Going Beyond Our Biases
A friend shared this image (see below) that shows a list of our cognitive biases; and asked how mindfulness may help to overcome them.
Understanding and Awareness
In this list, some of them are just fundamental limitation and inherent part of our brain. Our brain architecture comes with its own strengths and weaknesses. Evolution process is about survival, not accuracy; and in life everything comes at a price. Often our survival strategies come at the price of our quality of life.
We are not only trapped in this inherent or genetic biases, we are further trapped by the reinforcement from the environment in which we grow up. Without clear awareness, parents and even schools trap young minds into many beliefs and biases. Often children stuck in this prison for their lifetime. As this prison feels safe compare to the freedom of total openness, we continue to perpetuate this slavery generation after generation.
Once we bring clear awareness and understanding of our genetic and environmental biases and traps, we can do something about it. In many cases bringing awareness itself is sufficient enough to come out of it.
Change and Transformation
When dealing with our cognitive biases or psychological problems, there are two broad approaches. Typically we use a psycho-therapy kind of approach, where we dive into each problem to understand it and try to untangle it. The main difficulty here is that when we are deeply stuck in our biases and problems, our mind is already distorted to see things clearly to come out of it.
In mindfulness based approach, we create a proper distance, a higher perspective from the problems – from all the contents of the mind: thoughts, emotions, etc. So non-attachment, non-identification, not holding on to our beliefs, ideas, concepts, views, opinions… is the key. That's why Buddha instructs: Be diligent, mindful and clearly knowing, not clinging to anything. Mindfulness is a wakeful, non-judgmental and compassionate way of being. Just like learning to bike, it takes a practice to get a knack for it. Meditation is the best method to cultivate mindfulness.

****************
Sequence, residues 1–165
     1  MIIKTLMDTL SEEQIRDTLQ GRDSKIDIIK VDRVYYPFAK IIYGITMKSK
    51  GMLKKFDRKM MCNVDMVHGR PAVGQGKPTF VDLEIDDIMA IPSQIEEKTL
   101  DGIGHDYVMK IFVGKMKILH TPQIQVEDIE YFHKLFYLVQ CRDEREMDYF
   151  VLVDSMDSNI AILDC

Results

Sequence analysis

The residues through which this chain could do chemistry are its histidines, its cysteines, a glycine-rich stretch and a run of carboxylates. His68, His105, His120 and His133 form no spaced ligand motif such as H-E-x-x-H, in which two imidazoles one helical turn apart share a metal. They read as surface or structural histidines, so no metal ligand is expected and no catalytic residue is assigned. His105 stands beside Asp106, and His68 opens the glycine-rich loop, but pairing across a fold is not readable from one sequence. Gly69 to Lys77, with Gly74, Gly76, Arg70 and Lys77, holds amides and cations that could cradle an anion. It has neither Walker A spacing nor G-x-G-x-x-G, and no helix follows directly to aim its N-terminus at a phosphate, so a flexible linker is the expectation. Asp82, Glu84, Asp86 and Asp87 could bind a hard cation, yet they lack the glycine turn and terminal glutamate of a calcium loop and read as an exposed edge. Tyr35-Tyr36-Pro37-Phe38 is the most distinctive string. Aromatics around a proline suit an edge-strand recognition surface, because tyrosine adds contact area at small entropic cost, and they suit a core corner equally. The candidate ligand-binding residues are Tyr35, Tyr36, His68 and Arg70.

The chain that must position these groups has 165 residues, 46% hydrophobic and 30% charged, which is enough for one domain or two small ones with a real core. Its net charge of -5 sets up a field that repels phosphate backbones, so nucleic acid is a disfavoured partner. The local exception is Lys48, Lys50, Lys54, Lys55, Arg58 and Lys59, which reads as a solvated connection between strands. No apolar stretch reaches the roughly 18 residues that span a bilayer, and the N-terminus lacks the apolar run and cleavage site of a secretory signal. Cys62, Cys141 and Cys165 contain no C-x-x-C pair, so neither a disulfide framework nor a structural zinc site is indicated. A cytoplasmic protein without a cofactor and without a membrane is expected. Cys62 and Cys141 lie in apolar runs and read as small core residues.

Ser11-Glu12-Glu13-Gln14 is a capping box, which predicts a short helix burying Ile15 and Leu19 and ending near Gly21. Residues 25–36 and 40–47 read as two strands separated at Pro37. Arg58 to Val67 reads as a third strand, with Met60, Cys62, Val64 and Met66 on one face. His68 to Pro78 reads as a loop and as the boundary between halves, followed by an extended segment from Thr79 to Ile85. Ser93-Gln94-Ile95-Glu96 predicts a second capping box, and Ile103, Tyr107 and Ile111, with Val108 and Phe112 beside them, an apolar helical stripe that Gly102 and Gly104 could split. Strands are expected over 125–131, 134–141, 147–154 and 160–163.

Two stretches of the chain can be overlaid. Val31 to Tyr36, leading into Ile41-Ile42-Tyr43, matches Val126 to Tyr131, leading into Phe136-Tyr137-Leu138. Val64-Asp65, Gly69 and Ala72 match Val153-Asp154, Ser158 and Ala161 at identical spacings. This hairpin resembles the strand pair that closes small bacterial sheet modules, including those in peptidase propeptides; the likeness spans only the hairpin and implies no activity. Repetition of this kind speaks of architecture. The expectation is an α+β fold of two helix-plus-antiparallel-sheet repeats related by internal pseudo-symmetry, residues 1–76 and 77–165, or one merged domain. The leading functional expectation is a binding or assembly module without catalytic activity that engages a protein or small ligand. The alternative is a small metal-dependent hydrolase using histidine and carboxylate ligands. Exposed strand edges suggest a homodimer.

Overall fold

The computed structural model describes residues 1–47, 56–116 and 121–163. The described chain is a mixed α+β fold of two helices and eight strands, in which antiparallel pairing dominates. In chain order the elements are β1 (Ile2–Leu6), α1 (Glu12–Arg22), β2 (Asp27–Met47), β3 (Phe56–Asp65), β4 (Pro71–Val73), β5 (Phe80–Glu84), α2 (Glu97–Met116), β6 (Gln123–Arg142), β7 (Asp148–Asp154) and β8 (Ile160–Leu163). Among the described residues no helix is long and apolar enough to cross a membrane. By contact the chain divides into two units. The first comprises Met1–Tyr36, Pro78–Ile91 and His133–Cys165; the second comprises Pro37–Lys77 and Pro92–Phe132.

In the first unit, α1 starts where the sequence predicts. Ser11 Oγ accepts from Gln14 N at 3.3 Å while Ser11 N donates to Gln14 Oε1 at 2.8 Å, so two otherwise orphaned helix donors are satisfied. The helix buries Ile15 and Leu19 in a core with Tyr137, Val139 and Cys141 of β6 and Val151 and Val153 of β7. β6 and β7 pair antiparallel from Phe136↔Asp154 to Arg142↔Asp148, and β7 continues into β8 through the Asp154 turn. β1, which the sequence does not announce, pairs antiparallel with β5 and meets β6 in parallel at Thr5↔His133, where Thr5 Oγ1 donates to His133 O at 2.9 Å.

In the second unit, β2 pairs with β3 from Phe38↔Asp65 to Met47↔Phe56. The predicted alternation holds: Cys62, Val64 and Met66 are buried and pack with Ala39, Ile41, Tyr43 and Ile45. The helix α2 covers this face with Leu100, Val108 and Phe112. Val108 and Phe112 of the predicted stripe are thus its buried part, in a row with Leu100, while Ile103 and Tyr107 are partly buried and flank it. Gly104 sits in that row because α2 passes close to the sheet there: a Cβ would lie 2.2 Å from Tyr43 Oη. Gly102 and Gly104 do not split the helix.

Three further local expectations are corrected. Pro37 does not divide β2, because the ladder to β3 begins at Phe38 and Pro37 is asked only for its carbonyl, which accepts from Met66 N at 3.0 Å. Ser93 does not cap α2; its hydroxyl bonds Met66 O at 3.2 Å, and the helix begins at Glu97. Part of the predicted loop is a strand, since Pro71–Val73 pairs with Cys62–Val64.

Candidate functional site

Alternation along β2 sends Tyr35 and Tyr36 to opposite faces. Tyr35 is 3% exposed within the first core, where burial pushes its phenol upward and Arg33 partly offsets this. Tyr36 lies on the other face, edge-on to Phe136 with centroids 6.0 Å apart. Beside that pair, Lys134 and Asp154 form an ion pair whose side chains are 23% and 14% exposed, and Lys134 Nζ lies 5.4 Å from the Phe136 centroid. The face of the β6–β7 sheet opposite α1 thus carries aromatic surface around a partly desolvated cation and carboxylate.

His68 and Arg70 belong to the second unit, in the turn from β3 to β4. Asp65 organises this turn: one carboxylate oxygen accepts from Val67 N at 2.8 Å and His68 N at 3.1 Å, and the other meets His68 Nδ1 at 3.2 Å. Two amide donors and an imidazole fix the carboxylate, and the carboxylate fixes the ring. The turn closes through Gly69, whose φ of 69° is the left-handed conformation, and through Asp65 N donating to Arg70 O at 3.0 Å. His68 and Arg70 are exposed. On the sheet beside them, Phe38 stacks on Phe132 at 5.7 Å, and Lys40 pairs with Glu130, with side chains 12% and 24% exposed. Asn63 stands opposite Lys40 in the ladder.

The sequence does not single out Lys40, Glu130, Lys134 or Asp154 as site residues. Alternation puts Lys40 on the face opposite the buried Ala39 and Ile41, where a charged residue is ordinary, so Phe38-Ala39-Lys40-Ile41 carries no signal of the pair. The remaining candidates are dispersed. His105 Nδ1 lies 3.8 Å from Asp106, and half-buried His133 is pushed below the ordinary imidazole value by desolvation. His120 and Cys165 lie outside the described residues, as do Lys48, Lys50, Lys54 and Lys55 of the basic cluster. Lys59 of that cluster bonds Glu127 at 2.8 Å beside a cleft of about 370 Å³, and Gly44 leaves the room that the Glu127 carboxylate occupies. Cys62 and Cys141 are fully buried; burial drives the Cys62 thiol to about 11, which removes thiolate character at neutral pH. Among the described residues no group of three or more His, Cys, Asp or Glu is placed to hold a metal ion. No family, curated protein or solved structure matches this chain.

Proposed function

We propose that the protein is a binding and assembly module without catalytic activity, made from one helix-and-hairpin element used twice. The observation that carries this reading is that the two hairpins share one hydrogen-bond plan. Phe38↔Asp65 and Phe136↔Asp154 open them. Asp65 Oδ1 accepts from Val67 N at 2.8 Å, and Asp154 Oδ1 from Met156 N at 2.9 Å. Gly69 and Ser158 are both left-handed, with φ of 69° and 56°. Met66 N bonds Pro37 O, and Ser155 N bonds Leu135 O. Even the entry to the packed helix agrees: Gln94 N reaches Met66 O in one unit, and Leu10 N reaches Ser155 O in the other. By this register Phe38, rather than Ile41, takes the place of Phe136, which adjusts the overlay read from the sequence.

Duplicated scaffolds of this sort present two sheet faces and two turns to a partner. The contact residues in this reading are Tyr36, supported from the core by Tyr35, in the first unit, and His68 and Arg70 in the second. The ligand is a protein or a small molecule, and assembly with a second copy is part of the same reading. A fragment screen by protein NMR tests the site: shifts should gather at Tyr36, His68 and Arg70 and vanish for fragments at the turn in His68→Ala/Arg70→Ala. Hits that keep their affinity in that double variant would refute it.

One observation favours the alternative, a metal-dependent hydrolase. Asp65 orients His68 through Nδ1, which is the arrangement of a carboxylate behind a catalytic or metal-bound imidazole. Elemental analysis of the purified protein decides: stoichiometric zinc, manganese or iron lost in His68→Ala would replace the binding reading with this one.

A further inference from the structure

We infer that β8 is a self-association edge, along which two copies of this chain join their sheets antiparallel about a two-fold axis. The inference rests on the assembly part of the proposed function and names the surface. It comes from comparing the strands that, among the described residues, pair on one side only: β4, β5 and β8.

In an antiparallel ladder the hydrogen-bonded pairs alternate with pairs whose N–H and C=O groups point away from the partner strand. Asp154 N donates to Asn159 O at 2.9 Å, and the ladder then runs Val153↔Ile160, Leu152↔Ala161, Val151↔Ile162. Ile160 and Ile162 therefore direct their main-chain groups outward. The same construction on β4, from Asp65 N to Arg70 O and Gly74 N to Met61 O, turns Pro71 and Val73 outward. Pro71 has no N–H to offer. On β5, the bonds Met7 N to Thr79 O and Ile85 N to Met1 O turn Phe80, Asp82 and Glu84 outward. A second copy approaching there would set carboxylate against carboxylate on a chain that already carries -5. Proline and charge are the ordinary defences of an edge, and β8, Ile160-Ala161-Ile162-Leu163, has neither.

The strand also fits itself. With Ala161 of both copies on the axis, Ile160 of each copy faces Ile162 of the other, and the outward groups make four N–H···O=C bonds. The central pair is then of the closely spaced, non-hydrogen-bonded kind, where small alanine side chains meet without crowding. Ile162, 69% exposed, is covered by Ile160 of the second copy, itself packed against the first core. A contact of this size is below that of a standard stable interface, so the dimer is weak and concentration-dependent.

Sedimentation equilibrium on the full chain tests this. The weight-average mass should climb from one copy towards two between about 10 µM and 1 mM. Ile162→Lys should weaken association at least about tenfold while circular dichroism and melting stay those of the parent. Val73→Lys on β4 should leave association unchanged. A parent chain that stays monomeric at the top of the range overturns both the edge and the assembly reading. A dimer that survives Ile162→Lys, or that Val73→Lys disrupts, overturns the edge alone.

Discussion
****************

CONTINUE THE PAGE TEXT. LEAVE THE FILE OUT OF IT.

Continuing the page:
The first approach is about gradual change; the second approach is about transformation, though it includes gradual changes as well.
To see things as they are
It does not matter what our belief system is, it is a trap, a prison! But people prefer it, because they do not like unknown and uncertainty. Their belief system gives them a false sense of safety and security. But we pay a heavy price. Nothing has inflicted more suffering than our dogmatic beliefs, views and opinions. As Pema Chodran puts it: All the wars, all the hatred, all the ignorance in the world come out of being so invested in our opinions.
When Buddha was awakened he recognized how people are trapped in their narrow and limited world-view of our tiny little corner: their race, country, religion, caste, gender, etc. As they are not fully aware of this ignorance, they are equally self-righteous and arrogant. With their ignorance and arrogance, they inflict so much of suffering to themselves and others.
Buddha referred himself as Tathāgata which indicates "suchness", "as it is". This about seeing things as they are -- without any biases or prejudices. The moment we attach and cling to anything, we are trapped -- we cannot see things as they are. When we strongly identify with anything (country, religion, race or any beliefs), we are trapped. As Buddha says: Nothing in the world is worth clinging to. It is not only possible to love and care without attachments, true love and care is only possible when there is no attachment.
Going beyond our biases
Bringing clear awareness and mindfulness.
Being totally open -- not clinging or attaching to anything; not identifying with anything.
Regular practice. It takes diligent and continued practice to come out of our habitual tendencies.